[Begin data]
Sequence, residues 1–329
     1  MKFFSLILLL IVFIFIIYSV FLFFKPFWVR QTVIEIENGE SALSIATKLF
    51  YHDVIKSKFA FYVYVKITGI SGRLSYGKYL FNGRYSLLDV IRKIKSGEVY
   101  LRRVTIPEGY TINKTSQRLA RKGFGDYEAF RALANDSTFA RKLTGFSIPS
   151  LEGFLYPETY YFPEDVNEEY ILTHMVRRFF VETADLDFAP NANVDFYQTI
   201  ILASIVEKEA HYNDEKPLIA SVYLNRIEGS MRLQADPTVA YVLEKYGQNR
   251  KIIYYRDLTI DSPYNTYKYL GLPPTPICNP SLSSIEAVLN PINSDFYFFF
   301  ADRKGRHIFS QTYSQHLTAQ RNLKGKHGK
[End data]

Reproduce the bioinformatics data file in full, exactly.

Sequence, residues 1–329
     1  MKFFSLILLL IVFIFIIYSV FLFFKPFWVR QTVIEIENGE SALSIATKLF
    51  YHDVIKSKFA FYVYVKITGI SGRLSYGKYL FNGRYSLLDV IRKIKSGEVY
   101  LRRVTIPEGY TINKTSQRLA RKGFGDYEAF RALANDSTFA RKLTGFSIPS
   151  LEGFLYPETY YFPEDVNEEY ILTHMVRRFF VETADLDFAP NANVDFYQTI
   201  ILASIVEKEA HYNDEKPLIA SVYLNRIEGS MRLQADPTVA YVLEKYGQNR
   251  KIIYYRDLTI DSPYNTYKYL GLPPTPICNP SLSSIEAVLN PINSDFYFFF
   301  ADRKGRHIFS QTYSQHLTAQ RNLKGKHGK